DP: That’s exactly right. We we take our use of music – both in score and source – very seriously and we talk as much about where music should not be as we do about where it should be. When we use music we’re using it for a very specific creative reason and a very specific story reason. If there’s some some means by which we think music can help us propel the story or tell an element of the story in a way that is unique, then we use it. We don’t ever use it just to use it. This is the blessing of working on such a great show. We never have to use music to cover up a flaw in the production or to help the audience to suspend disbelief, because that’s all been done so well already in the writing, and the acting, and the cinematography, and everything else. That really leaves us free to use music as a storytelling weapon in our arsenal and exclusively for that.
AD: I’ve always thought there was a bit of a modern western vibe that trailed through both Breaking Bad and to a lesser degree, Better Call Saul. Watching El Camino, I felt like the film really leaned into that. Sure, it’s a modern crime story, but there’s some classic western elements in the movie. That felt very much like a conscious choice.
DP: It was. I think you’re right. There’s threads of that in both shows. I think what it is that made that resonate even more in El Camino is that unlike the TV shows, the film is very focused on one story line. And it’s a consistent story. Obviously, we’re jumping around in time a bunch but, it is just Jesse’s story. So, in that way it really feels like that one gunslinger on his own, out their out there trying to find his way and making dubious choices, but choices that we can overlook in terms of rooting for our our hero’s survival.
That’s certainly true in in both series as well, but because you’re moving around back and forth between so many interlocking story lines that occur in the show it doesn’t come across as as fluidly as it does in El Camino. That’s been it was also very true for the score, in a sense. I got the opportunity in El Camino – while still being in music that would be to those that are knowledgeable of the Breaking Bad universe to write cues that were much more significant in length and connectivity to one storyline that I never able to do in the series, because for the same reason – because we’re always jumping back and forth.
AD: In listening to the El Camino score, I was taken by your mixture of electronic sounds with more organic instrumentation. The twang in the guitar mixed with these more modern electronic textures creates a unique sonic experience. Can you talk about how you developed the pallet of the score for the movie?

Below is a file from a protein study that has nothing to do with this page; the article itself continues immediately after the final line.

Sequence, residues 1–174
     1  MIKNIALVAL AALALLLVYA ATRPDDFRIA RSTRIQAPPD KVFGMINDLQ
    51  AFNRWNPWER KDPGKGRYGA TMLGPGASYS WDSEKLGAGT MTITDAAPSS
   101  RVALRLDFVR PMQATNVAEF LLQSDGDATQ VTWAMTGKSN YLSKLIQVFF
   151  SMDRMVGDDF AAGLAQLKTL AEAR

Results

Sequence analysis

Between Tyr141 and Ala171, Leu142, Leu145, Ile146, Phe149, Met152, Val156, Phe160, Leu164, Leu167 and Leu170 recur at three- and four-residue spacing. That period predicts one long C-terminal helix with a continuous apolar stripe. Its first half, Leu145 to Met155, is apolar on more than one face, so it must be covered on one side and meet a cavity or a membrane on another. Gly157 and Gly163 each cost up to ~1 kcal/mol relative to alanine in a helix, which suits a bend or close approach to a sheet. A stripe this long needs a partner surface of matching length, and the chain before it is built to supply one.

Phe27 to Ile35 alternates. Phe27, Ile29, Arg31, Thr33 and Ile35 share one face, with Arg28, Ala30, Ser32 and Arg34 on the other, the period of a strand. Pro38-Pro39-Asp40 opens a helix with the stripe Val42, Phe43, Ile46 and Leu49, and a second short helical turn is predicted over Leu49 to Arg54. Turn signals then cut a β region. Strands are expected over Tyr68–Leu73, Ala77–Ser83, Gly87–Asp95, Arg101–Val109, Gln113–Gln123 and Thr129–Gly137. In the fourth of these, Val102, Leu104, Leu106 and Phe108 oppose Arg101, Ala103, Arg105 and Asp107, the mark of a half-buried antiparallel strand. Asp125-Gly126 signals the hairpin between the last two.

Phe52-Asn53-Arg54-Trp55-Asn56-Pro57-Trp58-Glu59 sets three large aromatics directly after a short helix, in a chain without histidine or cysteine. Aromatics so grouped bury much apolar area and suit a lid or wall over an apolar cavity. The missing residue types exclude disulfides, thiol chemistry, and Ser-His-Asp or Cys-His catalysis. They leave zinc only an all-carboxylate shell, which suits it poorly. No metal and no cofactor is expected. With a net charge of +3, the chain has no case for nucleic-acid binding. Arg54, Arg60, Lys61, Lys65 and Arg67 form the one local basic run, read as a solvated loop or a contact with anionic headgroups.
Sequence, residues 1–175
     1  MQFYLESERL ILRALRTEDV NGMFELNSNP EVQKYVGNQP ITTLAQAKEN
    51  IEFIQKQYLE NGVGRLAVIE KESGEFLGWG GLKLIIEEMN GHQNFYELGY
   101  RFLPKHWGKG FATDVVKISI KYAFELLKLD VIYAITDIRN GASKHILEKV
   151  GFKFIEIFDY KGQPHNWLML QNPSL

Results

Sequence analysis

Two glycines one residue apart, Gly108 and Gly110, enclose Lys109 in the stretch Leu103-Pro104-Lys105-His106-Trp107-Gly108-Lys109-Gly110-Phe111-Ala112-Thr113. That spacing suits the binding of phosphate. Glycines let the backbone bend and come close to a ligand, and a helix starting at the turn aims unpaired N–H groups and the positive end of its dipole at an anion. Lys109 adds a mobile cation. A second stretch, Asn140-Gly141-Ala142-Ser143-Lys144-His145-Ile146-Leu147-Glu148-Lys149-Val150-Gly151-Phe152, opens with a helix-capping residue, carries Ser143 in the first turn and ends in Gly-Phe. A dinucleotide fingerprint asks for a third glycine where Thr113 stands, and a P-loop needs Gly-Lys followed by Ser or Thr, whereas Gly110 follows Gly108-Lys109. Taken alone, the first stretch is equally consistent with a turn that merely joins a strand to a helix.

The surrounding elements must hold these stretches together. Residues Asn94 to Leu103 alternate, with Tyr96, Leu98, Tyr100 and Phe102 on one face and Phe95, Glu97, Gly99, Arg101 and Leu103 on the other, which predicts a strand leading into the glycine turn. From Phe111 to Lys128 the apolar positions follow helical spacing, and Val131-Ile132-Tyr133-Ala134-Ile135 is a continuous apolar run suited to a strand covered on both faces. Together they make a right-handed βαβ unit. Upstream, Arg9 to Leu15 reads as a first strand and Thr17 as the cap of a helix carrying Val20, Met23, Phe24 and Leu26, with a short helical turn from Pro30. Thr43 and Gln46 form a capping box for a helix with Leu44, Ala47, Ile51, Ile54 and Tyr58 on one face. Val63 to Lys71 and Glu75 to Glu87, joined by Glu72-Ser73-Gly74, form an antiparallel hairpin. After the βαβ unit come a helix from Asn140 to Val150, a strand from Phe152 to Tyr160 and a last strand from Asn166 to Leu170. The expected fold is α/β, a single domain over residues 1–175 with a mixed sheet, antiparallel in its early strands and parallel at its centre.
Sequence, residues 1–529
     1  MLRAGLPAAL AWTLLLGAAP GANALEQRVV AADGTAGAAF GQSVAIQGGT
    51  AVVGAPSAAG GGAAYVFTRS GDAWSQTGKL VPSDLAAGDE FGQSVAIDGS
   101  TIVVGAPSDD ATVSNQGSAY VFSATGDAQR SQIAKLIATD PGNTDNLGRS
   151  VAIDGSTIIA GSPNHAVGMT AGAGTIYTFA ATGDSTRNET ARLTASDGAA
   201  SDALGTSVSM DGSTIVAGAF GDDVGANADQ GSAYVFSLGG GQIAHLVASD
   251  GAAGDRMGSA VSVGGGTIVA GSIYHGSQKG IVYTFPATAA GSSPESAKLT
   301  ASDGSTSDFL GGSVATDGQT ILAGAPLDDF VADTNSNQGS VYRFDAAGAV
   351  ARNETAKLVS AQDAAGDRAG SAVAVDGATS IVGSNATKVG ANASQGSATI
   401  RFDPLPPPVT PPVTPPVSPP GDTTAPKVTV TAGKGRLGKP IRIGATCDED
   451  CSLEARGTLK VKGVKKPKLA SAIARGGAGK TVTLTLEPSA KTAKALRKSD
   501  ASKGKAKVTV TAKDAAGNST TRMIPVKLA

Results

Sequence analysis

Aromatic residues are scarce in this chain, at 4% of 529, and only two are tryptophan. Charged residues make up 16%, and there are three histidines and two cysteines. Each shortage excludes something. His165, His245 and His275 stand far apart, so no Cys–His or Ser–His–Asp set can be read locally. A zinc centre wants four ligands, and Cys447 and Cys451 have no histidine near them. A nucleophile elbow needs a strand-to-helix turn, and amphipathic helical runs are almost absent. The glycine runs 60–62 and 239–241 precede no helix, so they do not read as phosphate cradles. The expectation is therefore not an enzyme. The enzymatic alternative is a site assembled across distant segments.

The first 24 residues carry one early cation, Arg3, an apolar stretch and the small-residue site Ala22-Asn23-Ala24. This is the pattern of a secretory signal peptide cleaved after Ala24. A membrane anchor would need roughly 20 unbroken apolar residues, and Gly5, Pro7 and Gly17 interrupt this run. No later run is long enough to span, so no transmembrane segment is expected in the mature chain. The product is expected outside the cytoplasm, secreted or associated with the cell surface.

DP: I think the bedrock of Breaking Bad, and to some extent Better Call Saul as well, has always been this eclectic mix of of electronics and live instruments. In both series I’ve always eschewed using the traditional western orchestral instruments. Just because they just never felt like the right combination for this universe. The difference in El Camino honestly came down to having more time and more resources. That is such an advantage on a film as opposed to working in TV – the opportunity to do more live recording, settle less for relying on the computer, and being able to polish things, and experiment with different ideas in a way that you just don’t have time to do on a television show.
I hope that comes through in the score for El Camino, in that while the universe of instruments that I used certainly related very much – by design – to the Breaking Bad and Better Call Saul universes, because score played a larger role in the movie and because we had the time and the resources, I was able to really focus a lot more on recording live performances, putting a lot more emotive nuance in the performances, and make sure that they were as emotional and as vibrant as I have always wanted them to be. I just don’t always have the chance to get 100% there when we’re working on a television schedule.
AD: For the score, it seemed like because this is essentially a survival story, the tone of the music was more consistent in that it didn’t have the lighter elements that the shows sometimes have. Everything about the score feels a little more elevated and anxious and propelling. I assume that was intentional.
DP: It was. I think part of the difference in telling just one story – especially for our viewers who are used to seeing these characters in the TV show – was to concentrate on one character for an hour and a half, it meant that the film needed to move at pace. I think you see that in the editing, in uh how Skip (Macdonald) and Vince ultimately cut the film, and put it together, and made it pretty tight. Things move along very quickly from from one thing to the next. I think music was definitely a part of adding some propulsion back that might have been lost to our viewers who are used to skipping around from story to story.
The way I did that, musically speaking, is that even more than usual I relied on a lot of percussive elements – both traditional and electronic. But also not just typical drum sounds but lots of tuned percussion, that could tell a melodic story while at the same time keeping that tension and that pace always alive.